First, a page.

place, we study school choice markets where students submit preferences
driven by priorities: they declare as more preferred
those schools where they have high priority. We prove that when
students follow this type of strategies, the outcome of the Boston mechanism is the schooloptimal stable matching. Moreover, the condition is necessary: if the outcome of the Boston mechanism is the schooloptimal stable matching, then preferences are driven by priorities. Thus, under these manipulations, the final allocation of students may be purely shaped by schools'
priorities. Additionally, we run some computational simulations to show that
the assumption of driven by priorities preferences can be relaxed by allowing non trivial degrees of idiosyncratic shocks in students' preferences, and our main
results hold for almost all students.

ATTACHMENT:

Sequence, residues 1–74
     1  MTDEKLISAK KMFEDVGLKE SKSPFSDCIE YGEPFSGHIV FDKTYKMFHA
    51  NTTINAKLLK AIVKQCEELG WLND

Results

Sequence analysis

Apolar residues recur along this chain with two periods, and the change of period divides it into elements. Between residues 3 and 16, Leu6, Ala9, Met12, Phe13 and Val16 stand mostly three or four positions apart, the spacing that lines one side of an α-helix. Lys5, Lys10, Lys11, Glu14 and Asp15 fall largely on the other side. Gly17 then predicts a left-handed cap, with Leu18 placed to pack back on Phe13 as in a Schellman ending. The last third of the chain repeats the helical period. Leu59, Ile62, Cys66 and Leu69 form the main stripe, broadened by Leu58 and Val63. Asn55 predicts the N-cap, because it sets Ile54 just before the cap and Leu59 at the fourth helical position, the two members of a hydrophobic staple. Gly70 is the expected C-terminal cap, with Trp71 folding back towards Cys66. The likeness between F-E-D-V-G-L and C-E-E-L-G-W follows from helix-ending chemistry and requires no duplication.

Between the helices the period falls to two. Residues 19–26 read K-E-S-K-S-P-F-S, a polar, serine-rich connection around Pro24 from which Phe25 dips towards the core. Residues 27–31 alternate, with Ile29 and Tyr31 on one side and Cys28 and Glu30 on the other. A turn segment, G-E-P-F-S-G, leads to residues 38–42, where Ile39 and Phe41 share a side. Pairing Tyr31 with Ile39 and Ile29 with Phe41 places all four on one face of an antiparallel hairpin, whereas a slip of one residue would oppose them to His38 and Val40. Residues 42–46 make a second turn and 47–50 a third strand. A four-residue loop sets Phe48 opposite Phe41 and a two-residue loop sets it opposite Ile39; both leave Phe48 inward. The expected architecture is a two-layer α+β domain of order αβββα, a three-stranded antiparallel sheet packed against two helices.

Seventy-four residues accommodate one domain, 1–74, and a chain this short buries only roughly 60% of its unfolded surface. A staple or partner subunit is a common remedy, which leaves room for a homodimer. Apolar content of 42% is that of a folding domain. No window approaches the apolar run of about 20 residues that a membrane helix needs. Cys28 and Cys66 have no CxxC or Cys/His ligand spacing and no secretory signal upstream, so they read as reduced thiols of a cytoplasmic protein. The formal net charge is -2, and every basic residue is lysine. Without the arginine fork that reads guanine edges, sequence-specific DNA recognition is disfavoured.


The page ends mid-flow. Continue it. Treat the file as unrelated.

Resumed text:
Trading networks with bilateral contracts Abstract: We consider general networks of bilateral contracts that include supply chains. We define a new stability concept called path stability and show that any network of bilateral contracts has a pathstable outcome whenever agents' preferences satisfy full substitutability. Pathstable outcomes may not be immune to group deviations or efficient. We extend previous results on group strategyproofness and the rural hospitals theorem. When contracts specify trades and prices, we also show that competitive equilibrium exists in networked markets even in the absence of transferrable utility. The competitive equilibrium outcome is pathstable. A Local Search Algorithm for SMTI and its extension to HRT Problems Abstract: Hospitals/Residents with Ties (HRT) forms a class of problems with many applications, some of which of considerable size. Solving these problems have been shown to be NPhard. In previous work, we developed a local search algorithm which displays very high performance in solving Stable Matching with Ties and Incomplete lists (SMTI) problems. In this paper, we propose a method to tackle HRT problems with a slightly modified version of our SMTI solver. We describe our method and provide an initial performance assessment, which turns out to show that the resulting solver can deal with significant HR problems, providing optimal solutions in most cases, in a very short time. On weighted kernels of two posets Abstract: A recent result of Aharoni Berger and Gorelik is a weighted generalization